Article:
The “Kissing Disease” Linked to Some Adult Chronic Illnesses & Diseases

The Epstein-Barr Virus, aka the “Kissing Disease” or “Mono(nucleosis)” has been linked to several chronic illnesses and autoimmune diseases–including Fibromyalgia, Multiple Sclerosis and Cancer; according to an interview with Dr. Henry H. Balfour, Jr. MD, Professor at the University of Minnesota/Lab Medicine and Pathology Department.

Watch this news clip, courtesy of 11alive.com, which interviews Dr. Balfour as he explains his theory:

 

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Summer Treats & Gadgets To Beat The Heat

Refreshing Watermelon Margarita

via Watermelon Margarita — MSnubutterflies

Watermelon Margarita

Since Memorial Day weekend is almost upon us I thought I would share this recipe.  Whether you’re barbecuing with family and friends or relaxing at home it’s a perfect summer drink. Light, cool, and so refreshing! It’s my new favorite.

 

18 Quick Summer Snacks

by JaneMaynard via Cosmopolitan

Simple, delicious snacks and desserts in this easy to access website. Beat the summer heat while noshing on these wonderful delicacies. Yum!

53baef4e3a3ac_-_cos-02-summer-snacks-de

 

Sew Very Useful Neck Cooler (DIY)

by Beastbunny via Instructables

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The neck cooler in its dry, flat state before soaking in water.

Have a great summer!

What Most Doctors Don’t Know About Social Security Disability – And The SSA Doesn’t Tell You!

I had a follow-up doctor’s appointment a while back. I told him about the last two months health-wise, and brought him up-to-date with my most recent Social Security Disability Hearing and told him that it probably wasn’t looking good for me… Again. As usual, he couldn’t understand why I was still fighting; and then we continued on with my appointment.

doctor-patient-consultation

I was about to leave the room and something popped up in my head (I love how my brain works now). I stopped, and asked him if he ‘knew of a form I read about online that Social Security apparently wants from doctors. That for some (ridiculous) reason, the SSA doesn’t really give too much weight to short letters written from the doctor; but this “Residual Functioning Capacity” form (linked below) is pretty important… Apparently, it can be the deciding factor in some cases?’

I don’t think my brain said it as eloquently when I spoke, but luckily he understands me–even when I babble and slur.

It turned out though, that he didn’t really know anything about this form (he ‘thinks he heard of it’, he claimed, but asked me to send him a copy)! I can’t blame him for not really knowing about it honestly. A doctor’s word should matter to the courts when it comes to treating and supporting his or her patient–and Social Security should use any records or letters put into evidence, as long as they detail the diagnoses and note whether or not they consider the patient permanently disabled.

But if a doctor’s letter doesn’t entirely count as far as the SSA is concerned, why hasn’t this practice been changed?

0328eaa9-e829-4681-a268-1485280d3bd0_400_282

What concerns me is how many doctors don’t seem to know about this form (or how to file for Disability). They believe Social Security should take their word as gold that their patient is permanently disabled. But Social Security is basically stating, ‘Your letter and word as a physician isn’t enough, we want you to fill out an eight page form explaining, in detail, what their disability entails’.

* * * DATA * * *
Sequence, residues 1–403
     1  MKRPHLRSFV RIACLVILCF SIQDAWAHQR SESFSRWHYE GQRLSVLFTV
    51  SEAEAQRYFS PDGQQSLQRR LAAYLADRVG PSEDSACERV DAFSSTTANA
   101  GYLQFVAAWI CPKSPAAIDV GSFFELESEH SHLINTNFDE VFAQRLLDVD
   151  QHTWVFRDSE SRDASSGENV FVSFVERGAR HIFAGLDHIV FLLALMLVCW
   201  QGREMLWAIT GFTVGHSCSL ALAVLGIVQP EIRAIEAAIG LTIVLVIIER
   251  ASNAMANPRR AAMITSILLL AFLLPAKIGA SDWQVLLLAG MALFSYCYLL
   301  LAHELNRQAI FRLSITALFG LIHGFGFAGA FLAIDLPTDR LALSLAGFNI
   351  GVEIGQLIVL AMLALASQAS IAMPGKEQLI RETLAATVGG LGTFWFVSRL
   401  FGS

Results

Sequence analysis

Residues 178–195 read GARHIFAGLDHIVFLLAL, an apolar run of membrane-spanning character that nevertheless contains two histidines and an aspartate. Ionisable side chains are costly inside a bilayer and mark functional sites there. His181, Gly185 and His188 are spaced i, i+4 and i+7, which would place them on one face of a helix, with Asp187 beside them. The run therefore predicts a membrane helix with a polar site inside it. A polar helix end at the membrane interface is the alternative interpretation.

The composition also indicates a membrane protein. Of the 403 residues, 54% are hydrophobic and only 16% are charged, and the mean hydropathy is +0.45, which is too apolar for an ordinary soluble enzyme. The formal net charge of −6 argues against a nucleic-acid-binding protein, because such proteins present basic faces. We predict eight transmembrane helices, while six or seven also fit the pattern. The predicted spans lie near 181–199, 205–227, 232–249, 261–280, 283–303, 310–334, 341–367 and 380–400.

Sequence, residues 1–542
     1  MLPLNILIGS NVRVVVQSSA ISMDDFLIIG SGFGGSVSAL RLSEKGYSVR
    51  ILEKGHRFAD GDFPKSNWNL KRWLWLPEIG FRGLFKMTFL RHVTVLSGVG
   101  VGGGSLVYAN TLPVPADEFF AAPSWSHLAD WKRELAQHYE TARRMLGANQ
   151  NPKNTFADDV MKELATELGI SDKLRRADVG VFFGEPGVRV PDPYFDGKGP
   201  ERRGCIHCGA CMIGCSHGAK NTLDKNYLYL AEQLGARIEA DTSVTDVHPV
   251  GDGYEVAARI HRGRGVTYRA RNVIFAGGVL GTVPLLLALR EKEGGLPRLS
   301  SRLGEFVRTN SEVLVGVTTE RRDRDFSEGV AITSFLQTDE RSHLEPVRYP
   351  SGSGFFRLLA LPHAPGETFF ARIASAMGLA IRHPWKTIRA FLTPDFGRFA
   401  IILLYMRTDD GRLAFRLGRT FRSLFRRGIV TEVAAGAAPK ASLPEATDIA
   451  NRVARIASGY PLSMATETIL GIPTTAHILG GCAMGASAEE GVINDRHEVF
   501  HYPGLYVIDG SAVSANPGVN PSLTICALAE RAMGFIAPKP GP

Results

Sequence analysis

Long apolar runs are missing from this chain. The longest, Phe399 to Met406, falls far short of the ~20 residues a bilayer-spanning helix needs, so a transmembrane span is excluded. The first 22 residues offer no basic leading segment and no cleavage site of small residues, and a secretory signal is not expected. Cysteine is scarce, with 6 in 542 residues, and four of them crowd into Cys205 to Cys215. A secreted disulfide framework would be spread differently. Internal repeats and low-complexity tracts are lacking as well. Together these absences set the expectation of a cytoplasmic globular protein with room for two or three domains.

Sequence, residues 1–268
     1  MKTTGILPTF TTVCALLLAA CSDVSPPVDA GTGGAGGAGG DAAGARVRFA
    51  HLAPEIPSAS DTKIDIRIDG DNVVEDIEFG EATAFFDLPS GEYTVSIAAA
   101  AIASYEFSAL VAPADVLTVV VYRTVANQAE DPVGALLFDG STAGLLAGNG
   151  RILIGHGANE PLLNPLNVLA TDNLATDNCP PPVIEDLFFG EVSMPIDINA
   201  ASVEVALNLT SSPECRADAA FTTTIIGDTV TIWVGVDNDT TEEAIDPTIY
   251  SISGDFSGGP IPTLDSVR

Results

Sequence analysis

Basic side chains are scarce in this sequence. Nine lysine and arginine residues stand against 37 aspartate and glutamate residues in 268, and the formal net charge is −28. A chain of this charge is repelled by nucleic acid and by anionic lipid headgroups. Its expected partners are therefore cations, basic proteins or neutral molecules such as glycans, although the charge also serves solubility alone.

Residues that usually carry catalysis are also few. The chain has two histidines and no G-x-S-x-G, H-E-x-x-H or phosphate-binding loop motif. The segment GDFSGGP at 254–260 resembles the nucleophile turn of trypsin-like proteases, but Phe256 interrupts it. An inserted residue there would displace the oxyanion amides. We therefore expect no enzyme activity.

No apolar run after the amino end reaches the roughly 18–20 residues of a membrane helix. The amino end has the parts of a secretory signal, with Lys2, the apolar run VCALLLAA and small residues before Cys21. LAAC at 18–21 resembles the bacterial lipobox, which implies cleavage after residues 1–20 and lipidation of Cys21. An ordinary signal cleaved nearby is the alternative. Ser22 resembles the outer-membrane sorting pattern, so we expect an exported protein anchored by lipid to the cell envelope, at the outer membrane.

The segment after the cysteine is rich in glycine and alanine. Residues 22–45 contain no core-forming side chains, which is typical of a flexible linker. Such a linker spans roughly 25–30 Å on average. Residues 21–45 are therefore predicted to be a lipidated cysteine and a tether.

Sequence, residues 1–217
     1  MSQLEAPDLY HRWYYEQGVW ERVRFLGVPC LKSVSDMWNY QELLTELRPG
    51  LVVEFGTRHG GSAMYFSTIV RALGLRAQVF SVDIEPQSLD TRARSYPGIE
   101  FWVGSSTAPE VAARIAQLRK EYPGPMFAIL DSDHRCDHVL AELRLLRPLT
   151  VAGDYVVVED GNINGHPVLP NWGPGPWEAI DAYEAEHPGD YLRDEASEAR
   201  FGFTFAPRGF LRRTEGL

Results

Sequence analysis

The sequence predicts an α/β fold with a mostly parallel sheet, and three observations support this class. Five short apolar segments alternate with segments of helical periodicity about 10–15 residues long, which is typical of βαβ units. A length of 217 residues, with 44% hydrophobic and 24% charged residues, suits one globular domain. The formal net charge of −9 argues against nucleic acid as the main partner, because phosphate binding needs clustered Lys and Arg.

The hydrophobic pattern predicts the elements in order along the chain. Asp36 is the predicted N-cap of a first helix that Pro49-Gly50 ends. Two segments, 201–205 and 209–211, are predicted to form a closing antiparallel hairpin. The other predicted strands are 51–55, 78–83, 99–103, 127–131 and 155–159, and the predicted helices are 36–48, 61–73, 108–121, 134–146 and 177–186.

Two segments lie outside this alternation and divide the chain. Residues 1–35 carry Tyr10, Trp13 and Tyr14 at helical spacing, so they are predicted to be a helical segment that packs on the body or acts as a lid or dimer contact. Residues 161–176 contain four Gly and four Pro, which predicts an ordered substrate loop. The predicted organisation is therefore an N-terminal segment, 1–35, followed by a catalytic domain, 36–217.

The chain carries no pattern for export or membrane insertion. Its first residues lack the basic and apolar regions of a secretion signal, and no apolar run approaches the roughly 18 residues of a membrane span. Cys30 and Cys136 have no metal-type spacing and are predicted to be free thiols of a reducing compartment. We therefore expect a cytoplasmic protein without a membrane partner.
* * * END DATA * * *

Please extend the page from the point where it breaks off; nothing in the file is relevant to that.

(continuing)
With today’s technology, why can’t someone contact the doctor if they have any further questions (beyond the medical records)? Wouldn’t it be better to have a more personal account of a patient rather than make them fill out a detailed, “Can your patient lift 5/10/20 pounds on a regular basis – if so/not, please explain” form.

Instead, everyone’s fate rests on the hand of the SSA’s expert medical witness’ testimony (whom may or may not specialize in your illness(es)) by reading only the doctor’s notes–yet not hearing from the patient themselves. Therefore, they are basing their opinions on medical records that may or may not be detailed and complete.

Can you imagine the scores of people that keep getting denied Social Security and are constantly struggling, becoming homeless, and even dying because this ONE FORM wasn’t filled out by doctors–most likely because they didn’t know that it existed in the first place? (Note: When I tried finding it through the Social Security Website, I kept getting a “404 Error” message every time I tried to reach the page – It does exist though – see below for the link!).

PLEASE, everyone, SHARE this page! Tell your friends that are fighting, or about to start their fight, for their Disability benefits to print out the RFC form linked below–and make sure your doctor gets a copy. Have them share it with their colleagues!

Help stop this insanity!
PH

There’s so much I would have loved to have known when I became ill enough to be ultimately forced to apply for Disability. I truly hope that this helps someone so they don’t have to go through what I have… and still am because of poor medical treatment and recordkeeping.

I eventually began searching online, rather than the SSA website for the form, and finally found a copy that can be printed out HERE (pdf version). I’m hoping that doctors will start hearing more about the RFC form–and start helping their patients with disabilities win their Disability fight in a timely manner by filling it out.